Definitions

The information presented in this article can be understood and discussed using the definitions that follow. Scholars such as Derrick Bell, Patricia Williams, Kimberlé Williams Crenshaw and Mari Matsuda have contributed to critical race theory. According to the theory, racism has three levels: institutional, individual and internalized. Racism is to be understood as discrimination, marginalization or oppression inequitably inflicted upon individuals identified as belonging to a socially constructed racial category. Racism requires the combination of prejudice, power, access and privilege. For an individual to be racist, he or she must have access to an element of power and privilege to oppress the group being prejudicially discriminated against.

In the 2007 article “Racial microaggressions in everyday life,” Derald Wing Sue and colleagues defined racial microaggressions. Racial microaggressions are brief and commonplace verbal, behavioral or environmental indignities that are used, unintentionally or intentionally, to communicate hostile, derogatory or negative racial slights and insults to the targeted person or group based on their socially constructed racial category.

In 2003, William Smith coined the phrase racial battle fatigue. The term captures the psychological attrition that people of color experience in their daily encounters as they try to deflect racial insults, stereotypes and discrimination. Racial battle fatigue is the cumulative debilitating effect of being on guard against attacks about or because of one’s socially constructed racial category. It is also a theoretical framework for examining social-emotional-psychological stress responses such as frustration, anger, exhaustion, physical avoidance, psychological withdrawal, acceptance of racial stereotypes, and verbal, nonverbal or physical fighting back related to the experience of racism and racial microaggressions in acute episodes or chronic intervals.

Culture is a collective constellation of behavioral norms, values, spirituality, traditions, history, language and unique variables such as food, music, dance and clothing that guide and influence a people’s cognitive and affective complexity. This in turn determines their behavioral response to life circumstances. Culture frequently is identified by ethnic populations. However, the concept of culture is not restricted by ethnic groupings. Microcultural norms influence the unique intersectionality experiences of microcommunities and individuals within identified cultural groups.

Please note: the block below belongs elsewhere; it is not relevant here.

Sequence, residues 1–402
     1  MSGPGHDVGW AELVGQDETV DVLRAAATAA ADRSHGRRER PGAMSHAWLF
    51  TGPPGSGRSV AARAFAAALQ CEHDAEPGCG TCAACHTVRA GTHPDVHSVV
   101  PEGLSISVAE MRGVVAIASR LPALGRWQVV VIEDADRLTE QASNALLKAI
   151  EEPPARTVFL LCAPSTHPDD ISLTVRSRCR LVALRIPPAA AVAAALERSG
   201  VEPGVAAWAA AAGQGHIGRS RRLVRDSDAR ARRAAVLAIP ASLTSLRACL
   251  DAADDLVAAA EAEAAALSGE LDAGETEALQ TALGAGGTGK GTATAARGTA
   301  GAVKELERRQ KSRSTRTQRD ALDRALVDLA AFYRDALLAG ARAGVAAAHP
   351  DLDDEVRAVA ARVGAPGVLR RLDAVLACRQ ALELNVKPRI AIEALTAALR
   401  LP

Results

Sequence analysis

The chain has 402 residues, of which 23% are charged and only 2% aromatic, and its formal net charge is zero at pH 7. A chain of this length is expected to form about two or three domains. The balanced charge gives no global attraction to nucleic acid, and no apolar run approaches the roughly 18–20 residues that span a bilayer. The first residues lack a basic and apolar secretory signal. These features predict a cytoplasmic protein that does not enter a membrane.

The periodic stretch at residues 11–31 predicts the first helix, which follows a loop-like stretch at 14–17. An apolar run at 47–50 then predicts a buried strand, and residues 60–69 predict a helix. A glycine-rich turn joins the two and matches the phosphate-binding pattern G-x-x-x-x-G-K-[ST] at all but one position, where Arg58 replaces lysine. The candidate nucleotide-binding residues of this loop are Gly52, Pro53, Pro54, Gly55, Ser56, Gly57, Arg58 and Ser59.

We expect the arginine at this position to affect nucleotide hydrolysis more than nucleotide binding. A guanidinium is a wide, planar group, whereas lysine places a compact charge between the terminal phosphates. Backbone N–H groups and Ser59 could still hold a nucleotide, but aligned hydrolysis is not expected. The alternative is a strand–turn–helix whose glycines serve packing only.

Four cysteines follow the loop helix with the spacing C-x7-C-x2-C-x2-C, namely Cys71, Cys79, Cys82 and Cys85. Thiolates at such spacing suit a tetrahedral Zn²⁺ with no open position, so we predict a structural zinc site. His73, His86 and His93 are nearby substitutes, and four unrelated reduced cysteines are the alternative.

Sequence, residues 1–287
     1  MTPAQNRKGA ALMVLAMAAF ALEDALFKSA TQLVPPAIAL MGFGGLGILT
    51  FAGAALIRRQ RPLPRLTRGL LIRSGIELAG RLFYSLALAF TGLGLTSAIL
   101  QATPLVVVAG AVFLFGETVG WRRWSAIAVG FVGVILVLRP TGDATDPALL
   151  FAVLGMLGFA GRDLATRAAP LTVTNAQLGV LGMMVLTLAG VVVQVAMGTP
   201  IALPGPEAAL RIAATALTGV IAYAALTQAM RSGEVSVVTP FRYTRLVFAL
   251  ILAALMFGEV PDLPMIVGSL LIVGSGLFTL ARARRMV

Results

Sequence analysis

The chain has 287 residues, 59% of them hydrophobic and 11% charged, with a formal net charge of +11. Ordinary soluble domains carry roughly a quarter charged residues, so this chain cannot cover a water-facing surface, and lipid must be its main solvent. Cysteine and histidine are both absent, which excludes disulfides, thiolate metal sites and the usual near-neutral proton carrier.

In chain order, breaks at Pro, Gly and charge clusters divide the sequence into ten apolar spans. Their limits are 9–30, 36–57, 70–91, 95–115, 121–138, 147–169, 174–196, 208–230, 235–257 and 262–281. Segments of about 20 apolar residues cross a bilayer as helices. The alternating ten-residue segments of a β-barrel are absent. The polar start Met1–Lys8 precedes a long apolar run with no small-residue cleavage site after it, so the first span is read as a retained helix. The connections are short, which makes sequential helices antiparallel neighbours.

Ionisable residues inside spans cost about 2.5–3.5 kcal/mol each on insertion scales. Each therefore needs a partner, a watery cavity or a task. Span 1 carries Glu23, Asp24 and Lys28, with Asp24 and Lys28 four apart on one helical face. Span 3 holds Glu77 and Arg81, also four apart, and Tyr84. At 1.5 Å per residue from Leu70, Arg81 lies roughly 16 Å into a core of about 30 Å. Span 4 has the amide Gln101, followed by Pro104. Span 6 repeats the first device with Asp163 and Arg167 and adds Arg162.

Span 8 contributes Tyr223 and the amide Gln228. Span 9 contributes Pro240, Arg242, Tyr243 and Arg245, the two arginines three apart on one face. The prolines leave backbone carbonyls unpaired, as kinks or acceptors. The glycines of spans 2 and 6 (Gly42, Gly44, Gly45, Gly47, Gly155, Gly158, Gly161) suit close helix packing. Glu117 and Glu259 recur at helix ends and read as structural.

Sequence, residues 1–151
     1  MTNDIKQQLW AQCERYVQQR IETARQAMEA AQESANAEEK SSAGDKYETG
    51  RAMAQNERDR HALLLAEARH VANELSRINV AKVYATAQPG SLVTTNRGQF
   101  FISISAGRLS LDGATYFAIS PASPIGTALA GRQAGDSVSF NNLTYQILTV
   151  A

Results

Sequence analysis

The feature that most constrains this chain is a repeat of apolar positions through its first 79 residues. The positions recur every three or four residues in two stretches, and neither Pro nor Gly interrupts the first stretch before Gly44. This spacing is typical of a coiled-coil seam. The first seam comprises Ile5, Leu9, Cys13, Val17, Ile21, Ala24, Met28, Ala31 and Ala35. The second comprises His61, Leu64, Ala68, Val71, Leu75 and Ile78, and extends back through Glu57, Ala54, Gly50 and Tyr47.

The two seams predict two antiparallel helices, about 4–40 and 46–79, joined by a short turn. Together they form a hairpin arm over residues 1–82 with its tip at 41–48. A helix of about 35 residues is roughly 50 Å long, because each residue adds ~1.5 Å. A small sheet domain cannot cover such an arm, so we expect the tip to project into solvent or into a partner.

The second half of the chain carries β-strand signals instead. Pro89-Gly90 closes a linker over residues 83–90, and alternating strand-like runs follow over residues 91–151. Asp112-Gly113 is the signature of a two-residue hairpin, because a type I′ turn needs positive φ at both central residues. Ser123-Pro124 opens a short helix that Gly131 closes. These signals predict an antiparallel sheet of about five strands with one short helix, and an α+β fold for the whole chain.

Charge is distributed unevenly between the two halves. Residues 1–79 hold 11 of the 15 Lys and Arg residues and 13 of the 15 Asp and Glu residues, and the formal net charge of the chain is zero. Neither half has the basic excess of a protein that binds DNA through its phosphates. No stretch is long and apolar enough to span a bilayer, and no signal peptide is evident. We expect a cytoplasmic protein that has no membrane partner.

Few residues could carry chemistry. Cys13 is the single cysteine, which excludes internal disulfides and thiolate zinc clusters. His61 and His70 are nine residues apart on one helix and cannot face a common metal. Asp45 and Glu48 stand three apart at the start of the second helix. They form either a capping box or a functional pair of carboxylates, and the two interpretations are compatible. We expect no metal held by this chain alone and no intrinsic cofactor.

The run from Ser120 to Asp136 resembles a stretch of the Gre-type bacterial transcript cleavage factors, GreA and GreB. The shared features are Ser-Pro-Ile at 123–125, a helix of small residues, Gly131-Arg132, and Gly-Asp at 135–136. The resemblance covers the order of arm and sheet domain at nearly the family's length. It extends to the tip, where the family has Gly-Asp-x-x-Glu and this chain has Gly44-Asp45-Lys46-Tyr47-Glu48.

Intersectionality is a term coined by Crenshaw in 1989. It is used to recognize systemic influences on individual identity, positionality, access and experience narratives. The primary influence on Crenshaw’s discussion of intersectionality was the exclusion of differential narratives of women of African descent during the feminist movement in the United States. Intersectionality is used in identification of nonmajority sociopolitical experiences that were suppressed by individuals operating from racist and heterosexist sociopolitical majority narratives. Intersectionality is understood to encompass microcultural influences such as religious diversity, nation of origin diversity, gender expression diversity, sexual orientation diversity, ethnic diversity and generational diversity.